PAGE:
AWS Could be Worth up to $50 Billion: Analysts

Analysts give AWS a value of about $95, and hiked their target for the overall share price from $380 to $425.

Chris Burt

March 5, 2015

2 Min Read
AWS Could be Worth up to $50 Billion: Analysts
Amazon CTO Werner Vogels speaking at its re:Invent conference in Las Vegas last November. (Screenshot: re:Invent live stream)



This article originally appeared at The WHIR

Analysts at financial firm Robert W. Baird on Wednesday pegged the value of Amazon Web Services (AWS) at between $40 and $50 billion, TheStreet reports. The RW Baird analysis was done in anticipation of Amazon reporting AWS earnings as its own segment at the close of the quarter, the company revealed following its Q4 2014 report.

Analysts give AWS a value of about $95, and hiked their target for the overall share price from $380 to $425. They said that AWS could become a more important part of the company’s overall business, and generate $20 billion in revenue annually by 2020. For the sake of comparison, Rackspace is estimated to be worth around $7 billion.

Amazon CFO Tom Szkutak announced in the earnings call that AWS would be moved out of the “other” category, which it shared with advertising and credit-card related revenues, into its own segment, calling it “an appropriate way to look at our business in 2015.”

The new valuation puts AWS at over 20 percent of Amazon’s overall value, so it is possible that the change in reporting is driven by a concern for clarity around a major business segment. The company could have other motivations, too.

TheStreet notes that Amazon has a relatively high debt-to-equity ratio of 1.50, as well as potential short term cash problems. These concerns as well as the gap between Amazon’s retail core and AWS lead Codero Hosting CEO Emil Sayegh to see an AWS spin off or be sale in 2015 when he gazed into his crystal ball for the WHIR at the end of 2014.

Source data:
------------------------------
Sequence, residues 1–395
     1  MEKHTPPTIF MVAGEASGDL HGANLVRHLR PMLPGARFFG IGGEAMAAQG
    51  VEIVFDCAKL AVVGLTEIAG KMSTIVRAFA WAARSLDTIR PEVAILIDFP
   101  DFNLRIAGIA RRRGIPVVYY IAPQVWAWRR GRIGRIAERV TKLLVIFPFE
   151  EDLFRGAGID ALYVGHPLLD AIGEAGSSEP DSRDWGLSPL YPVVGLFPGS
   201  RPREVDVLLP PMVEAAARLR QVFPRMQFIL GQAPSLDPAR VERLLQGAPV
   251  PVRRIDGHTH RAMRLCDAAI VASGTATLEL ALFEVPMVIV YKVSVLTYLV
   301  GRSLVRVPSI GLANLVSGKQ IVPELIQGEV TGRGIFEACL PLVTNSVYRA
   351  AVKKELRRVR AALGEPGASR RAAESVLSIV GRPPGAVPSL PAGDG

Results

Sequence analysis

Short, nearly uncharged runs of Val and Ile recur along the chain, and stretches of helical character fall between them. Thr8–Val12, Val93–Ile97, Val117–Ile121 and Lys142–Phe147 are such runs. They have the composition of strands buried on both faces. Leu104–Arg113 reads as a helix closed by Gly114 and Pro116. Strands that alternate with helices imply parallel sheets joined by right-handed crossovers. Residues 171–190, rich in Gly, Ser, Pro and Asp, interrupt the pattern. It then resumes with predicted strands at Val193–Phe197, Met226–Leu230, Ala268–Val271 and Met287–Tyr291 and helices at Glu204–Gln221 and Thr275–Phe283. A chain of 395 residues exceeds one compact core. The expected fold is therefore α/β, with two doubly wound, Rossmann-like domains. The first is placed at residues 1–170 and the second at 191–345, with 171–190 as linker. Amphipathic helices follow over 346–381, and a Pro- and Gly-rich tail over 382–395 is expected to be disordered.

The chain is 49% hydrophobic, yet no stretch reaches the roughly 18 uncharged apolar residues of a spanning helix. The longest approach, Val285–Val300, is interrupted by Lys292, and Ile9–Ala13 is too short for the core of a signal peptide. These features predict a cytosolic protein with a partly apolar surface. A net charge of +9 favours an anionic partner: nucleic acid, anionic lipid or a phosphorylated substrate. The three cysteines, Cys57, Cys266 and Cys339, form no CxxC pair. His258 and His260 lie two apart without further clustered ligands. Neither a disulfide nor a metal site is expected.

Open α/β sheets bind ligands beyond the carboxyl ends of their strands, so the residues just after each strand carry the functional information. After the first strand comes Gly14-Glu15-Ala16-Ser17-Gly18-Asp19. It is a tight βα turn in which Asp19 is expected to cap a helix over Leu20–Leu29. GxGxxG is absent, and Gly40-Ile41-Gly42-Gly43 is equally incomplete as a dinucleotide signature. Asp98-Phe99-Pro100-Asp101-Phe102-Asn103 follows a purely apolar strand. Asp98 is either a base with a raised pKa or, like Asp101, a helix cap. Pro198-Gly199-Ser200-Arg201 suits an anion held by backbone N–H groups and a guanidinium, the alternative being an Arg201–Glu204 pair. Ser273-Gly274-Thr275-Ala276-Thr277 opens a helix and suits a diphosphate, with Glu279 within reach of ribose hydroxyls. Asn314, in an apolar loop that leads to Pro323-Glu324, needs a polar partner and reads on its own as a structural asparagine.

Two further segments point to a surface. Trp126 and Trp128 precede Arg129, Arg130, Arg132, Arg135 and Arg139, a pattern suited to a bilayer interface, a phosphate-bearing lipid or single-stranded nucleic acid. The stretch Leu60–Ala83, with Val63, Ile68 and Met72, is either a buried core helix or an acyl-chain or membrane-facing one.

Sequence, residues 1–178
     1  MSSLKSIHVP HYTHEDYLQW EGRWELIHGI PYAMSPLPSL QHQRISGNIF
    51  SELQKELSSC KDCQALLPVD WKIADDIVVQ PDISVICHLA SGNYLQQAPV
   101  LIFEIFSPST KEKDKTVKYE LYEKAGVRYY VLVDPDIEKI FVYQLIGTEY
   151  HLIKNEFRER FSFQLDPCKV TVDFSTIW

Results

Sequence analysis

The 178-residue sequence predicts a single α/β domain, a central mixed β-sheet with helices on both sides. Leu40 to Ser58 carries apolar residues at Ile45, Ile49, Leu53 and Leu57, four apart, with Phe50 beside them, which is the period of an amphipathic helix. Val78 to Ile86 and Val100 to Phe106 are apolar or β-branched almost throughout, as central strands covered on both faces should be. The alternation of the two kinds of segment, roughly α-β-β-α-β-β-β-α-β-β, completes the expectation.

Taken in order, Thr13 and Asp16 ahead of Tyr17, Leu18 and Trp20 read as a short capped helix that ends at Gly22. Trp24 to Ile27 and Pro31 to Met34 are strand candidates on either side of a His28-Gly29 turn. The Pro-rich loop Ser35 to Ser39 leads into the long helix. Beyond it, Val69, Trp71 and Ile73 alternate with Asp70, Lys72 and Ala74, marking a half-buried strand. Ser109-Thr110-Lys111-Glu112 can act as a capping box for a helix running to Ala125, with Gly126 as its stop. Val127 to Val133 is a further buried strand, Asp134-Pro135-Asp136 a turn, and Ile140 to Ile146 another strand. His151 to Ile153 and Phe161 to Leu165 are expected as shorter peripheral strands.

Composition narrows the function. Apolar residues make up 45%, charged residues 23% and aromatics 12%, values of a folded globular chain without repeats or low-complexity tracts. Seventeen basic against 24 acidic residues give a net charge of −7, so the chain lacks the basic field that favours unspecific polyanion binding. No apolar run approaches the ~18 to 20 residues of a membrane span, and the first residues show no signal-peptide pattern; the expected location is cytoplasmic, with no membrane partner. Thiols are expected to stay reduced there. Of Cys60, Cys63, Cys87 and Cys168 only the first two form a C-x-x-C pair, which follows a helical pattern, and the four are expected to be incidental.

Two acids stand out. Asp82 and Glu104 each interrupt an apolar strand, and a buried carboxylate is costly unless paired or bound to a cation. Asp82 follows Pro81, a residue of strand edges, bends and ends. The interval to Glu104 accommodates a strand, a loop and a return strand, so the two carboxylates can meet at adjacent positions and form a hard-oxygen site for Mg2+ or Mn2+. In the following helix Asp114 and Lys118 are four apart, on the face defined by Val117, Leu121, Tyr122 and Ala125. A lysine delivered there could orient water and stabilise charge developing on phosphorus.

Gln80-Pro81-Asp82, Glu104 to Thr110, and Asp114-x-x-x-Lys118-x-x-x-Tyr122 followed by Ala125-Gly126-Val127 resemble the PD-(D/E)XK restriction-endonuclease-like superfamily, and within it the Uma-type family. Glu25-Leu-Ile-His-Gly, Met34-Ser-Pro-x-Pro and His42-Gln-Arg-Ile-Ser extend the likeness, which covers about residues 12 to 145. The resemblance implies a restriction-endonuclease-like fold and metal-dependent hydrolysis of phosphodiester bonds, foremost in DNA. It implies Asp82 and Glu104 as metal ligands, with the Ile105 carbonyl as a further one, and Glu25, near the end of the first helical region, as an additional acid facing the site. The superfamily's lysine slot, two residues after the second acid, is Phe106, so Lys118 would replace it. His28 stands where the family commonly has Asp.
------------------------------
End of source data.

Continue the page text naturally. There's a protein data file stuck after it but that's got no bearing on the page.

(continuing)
It could also be a move to help the share price, which has lagged the S&P 500 over the past year, by increasing the visibility of a segment with strong growth.

It is a foregone conclusion that however well fortune treats the American consumers who drive Amazon’s retail business, AWS will grow in 2015. Industry perception of the infrastructure giant is changing as partnerships and opportunities from complementary services are realized. Its public cloud was called the most popular for enterprises, along with Azure, in a recent Rightscale report, and the “international” segment should benefit from further penetration into the Australian ecommerce market following a partnership with Anchor announced earlier this week.

Amazon stock was up slightly from a $385.61 open in early Thursday trading.

This article originally appeared at

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